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Elly Bradfield – Australia

Heartbreak and hope for women having babies in the bush

This story gave a voice to the heartbreak and hope facing people having babies in the bush. In 2022 the ABC launched “The Birth Project” to examine people’s experiences of pregnancy, birth and maternity care in Australia. What’s working? What’s not? And what can we do better? I didn’t want this project to be dominated by stories from the cities, so I examined the experience of rural women. Almost all regional mums have a story to share about how the tyranny of distance shaped this important time in their lives. Having a baby can be challenging in the best of circumstances, but for these women things went wrong while they were thousands of kilometres from help. Whilst juggling antenatal appointments and travelling hundreds of kilometres for scans, they were still doing bore runs, helping out with fencing and in the cattle yards, keeping the books up-to-date and looking after their other small children. While giving their life to the land, the access to services leaves them vulnerable during some of the biggest moments of their lives. The story shared the experiences of heartbreak and loss, while also highlighting the way a rural community wraps itself around people who need it. I took this approach because I wanted to emphasise the good, as well as the bad to give the full picture, and that the support women receive in a small town can be amazing and unique. The images, supplied by the talent, gave a glimpse into the intense emotion of the story, which featured Pip Clifford and Kara Marsh from Quilpie and Nicola Freiberg from Charleville. The story was produced from Toowoomba for the Country Hour radio program and the online version for the ABC News website, with a very quick turnaround. The story was completed in a part-time work capacity, on top of daily radio demands. It resonated with the audience, as evidenced by an outpouring of text messages and emails and social media posts.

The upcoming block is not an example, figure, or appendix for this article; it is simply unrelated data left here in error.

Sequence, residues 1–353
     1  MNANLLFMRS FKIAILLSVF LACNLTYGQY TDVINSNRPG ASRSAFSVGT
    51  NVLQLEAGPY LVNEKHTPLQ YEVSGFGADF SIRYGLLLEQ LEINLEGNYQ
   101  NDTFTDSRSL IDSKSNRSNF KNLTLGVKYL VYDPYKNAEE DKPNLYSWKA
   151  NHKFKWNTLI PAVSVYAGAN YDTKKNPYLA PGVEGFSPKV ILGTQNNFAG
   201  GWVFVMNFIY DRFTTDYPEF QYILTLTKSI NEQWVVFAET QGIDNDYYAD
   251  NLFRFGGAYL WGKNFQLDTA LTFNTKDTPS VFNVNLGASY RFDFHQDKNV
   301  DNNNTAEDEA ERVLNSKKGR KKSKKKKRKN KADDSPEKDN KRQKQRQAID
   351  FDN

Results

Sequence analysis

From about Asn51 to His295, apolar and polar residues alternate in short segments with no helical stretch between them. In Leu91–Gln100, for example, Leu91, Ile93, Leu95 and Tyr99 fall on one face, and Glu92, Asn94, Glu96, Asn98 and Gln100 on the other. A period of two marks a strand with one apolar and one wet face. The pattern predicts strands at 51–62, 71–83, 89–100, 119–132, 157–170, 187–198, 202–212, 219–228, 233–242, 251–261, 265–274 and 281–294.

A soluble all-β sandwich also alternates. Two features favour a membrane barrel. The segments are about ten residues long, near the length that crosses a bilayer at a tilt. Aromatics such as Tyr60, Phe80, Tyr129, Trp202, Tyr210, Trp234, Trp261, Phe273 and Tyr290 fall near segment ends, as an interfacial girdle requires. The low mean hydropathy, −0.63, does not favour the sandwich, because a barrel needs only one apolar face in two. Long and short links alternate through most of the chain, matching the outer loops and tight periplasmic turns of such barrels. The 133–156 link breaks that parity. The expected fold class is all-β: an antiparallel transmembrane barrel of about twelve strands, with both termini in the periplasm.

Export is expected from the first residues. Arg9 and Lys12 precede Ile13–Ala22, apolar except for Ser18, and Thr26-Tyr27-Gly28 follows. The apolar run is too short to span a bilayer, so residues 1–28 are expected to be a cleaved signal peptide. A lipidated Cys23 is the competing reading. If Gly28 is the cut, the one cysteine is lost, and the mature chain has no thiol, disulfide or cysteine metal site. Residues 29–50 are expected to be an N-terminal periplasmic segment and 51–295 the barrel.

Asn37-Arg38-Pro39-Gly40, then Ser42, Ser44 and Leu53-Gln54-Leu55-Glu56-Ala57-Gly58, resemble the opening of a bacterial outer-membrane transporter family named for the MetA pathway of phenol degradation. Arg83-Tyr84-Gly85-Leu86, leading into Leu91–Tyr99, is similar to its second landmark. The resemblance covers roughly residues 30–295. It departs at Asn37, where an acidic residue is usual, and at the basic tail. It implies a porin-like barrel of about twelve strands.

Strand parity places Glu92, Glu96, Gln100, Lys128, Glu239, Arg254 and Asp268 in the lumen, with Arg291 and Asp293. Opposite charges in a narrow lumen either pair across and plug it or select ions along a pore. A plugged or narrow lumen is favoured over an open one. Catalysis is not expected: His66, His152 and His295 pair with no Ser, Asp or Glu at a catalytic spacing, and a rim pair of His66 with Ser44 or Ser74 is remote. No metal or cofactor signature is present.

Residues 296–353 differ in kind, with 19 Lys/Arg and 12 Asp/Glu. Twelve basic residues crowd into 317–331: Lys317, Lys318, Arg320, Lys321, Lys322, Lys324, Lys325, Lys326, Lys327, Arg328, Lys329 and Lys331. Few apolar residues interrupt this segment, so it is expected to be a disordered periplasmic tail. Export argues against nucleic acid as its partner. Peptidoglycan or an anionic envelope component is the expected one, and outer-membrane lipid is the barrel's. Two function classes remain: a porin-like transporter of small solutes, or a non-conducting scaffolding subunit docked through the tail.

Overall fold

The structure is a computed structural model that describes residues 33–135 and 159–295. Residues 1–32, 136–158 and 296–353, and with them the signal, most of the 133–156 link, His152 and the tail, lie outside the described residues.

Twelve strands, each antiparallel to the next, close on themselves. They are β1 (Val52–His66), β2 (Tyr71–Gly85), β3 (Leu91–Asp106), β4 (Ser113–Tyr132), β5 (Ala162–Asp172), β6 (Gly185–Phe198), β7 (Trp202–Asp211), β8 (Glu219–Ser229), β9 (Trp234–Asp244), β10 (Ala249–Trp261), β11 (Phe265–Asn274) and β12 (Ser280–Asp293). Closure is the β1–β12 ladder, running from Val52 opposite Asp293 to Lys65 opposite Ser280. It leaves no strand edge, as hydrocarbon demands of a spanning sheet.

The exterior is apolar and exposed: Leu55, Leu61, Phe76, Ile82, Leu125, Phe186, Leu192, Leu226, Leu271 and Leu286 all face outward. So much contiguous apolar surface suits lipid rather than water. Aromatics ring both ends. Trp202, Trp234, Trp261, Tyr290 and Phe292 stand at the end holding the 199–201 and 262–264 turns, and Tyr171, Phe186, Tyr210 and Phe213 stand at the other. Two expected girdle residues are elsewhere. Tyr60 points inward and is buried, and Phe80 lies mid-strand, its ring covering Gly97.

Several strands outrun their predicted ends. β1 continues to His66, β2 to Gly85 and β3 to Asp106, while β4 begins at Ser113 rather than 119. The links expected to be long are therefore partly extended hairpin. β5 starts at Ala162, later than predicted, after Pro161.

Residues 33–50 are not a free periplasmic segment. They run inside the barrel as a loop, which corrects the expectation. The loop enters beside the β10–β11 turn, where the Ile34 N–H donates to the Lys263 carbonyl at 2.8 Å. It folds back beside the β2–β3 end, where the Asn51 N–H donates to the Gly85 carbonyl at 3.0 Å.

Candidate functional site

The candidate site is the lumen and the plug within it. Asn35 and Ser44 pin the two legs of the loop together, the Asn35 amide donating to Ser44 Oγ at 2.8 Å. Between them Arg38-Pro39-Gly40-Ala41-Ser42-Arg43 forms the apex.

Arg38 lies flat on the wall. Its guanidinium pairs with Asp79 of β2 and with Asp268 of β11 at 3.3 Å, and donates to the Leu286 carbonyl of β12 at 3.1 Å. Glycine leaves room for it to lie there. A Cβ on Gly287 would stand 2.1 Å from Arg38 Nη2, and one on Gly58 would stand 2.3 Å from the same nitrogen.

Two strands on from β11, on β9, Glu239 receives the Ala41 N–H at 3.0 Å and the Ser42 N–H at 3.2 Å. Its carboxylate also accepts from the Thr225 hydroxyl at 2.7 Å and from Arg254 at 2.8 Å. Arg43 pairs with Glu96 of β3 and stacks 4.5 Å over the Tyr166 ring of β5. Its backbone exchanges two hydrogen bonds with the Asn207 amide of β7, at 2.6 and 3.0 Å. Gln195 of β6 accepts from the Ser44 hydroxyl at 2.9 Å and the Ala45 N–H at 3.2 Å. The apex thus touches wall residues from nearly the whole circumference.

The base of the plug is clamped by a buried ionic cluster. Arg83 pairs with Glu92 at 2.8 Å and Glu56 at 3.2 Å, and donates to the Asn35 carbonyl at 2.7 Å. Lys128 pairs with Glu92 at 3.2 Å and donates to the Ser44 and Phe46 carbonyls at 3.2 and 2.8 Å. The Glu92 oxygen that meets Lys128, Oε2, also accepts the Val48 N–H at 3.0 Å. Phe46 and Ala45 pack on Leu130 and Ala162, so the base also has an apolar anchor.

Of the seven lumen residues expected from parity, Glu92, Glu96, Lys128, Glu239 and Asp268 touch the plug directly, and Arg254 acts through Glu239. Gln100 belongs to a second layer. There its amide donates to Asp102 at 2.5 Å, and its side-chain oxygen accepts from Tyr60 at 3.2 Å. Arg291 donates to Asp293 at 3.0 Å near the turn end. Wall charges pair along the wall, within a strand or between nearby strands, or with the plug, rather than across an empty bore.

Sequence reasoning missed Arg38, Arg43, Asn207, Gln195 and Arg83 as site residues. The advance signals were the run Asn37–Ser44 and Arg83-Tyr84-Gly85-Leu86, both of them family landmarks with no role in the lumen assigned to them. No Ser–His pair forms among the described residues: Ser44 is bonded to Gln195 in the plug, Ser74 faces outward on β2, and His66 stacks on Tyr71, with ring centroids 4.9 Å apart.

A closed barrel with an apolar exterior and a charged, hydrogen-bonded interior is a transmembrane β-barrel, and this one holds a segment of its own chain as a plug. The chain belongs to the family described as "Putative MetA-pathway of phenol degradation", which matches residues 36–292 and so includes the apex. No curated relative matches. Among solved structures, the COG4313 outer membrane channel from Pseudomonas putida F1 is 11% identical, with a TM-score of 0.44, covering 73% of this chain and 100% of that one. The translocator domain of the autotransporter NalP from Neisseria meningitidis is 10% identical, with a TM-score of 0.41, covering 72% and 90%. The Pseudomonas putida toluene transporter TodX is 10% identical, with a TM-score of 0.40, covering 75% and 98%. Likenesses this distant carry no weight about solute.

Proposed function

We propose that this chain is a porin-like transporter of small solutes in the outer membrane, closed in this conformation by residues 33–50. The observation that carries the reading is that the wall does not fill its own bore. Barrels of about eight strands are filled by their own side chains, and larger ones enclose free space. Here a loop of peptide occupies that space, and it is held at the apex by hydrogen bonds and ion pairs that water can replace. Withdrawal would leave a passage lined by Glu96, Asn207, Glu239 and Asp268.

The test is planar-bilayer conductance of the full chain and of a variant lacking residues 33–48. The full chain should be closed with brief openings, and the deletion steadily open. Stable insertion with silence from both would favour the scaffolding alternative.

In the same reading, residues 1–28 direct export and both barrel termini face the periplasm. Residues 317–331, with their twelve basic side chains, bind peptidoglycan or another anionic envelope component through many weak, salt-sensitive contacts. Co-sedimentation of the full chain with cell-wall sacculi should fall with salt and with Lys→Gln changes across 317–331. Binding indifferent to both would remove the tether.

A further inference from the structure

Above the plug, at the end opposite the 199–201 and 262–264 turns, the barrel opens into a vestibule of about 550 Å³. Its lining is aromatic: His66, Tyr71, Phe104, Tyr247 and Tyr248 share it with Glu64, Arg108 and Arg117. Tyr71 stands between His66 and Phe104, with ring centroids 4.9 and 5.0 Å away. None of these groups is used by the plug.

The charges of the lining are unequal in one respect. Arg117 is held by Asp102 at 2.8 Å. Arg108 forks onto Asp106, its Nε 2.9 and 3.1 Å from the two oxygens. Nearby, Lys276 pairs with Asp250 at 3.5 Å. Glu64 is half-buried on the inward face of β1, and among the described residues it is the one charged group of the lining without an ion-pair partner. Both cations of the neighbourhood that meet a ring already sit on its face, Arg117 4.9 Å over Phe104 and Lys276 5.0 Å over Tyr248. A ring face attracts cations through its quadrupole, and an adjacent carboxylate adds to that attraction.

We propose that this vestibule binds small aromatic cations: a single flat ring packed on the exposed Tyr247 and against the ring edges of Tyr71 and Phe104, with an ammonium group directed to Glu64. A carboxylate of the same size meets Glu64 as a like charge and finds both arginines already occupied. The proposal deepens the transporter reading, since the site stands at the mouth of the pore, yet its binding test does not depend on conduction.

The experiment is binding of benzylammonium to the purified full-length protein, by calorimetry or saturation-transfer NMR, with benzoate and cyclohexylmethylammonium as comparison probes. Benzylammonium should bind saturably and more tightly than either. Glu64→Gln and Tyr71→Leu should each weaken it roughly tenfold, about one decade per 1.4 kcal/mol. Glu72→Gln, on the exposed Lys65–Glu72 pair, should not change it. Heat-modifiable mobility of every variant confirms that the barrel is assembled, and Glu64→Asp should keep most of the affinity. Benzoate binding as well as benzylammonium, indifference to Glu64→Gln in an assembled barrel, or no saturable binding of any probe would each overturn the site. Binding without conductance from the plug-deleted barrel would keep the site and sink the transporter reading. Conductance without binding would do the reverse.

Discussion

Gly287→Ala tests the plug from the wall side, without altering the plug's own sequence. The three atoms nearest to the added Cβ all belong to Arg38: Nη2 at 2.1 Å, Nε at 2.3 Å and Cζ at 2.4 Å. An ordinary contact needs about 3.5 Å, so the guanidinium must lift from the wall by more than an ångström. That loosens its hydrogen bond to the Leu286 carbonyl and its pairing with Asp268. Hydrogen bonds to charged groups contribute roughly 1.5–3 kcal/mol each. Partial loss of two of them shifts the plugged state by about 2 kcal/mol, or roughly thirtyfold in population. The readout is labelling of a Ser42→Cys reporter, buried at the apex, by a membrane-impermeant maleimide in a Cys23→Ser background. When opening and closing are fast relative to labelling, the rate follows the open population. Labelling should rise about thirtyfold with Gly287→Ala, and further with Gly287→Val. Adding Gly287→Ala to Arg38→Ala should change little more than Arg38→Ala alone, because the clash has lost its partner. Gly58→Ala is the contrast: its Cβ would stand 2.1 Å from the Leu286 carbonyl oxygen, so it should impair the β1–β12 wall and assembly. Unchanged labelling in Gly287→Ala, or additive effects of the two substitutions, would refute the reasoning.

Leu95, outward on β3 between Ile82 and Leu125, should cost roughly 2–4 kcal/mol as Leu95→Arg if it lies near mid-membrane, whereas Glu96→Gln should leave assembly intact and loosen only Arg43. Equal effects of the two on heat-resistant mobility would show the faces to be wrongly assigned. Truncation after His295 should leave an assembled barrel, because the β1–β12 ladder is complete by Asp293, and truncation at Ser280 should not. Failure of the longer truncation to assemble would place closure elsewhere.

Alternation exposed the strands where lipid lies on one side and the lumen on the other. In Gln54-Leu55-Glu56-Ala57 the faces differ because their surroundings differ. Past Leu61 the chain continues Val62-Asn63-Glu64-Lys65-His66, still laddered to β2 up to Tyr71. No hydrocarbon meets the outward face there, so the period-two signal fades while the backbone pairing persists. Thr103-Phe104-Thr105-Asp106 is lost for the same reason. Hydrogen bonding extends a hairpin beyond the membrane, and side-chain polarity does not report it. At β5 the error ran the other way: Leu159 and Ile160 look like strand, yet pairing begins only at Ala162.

The story was praised for the sensitive way it handled big and heartbreaking life experiences of these rural women, who deserve to share their stories. While agriculture has 40 per cent female participation, rural news remains dominated by male talent. Elly has focused on sharing stories that matter to the women, who are the backbone of many rural operations.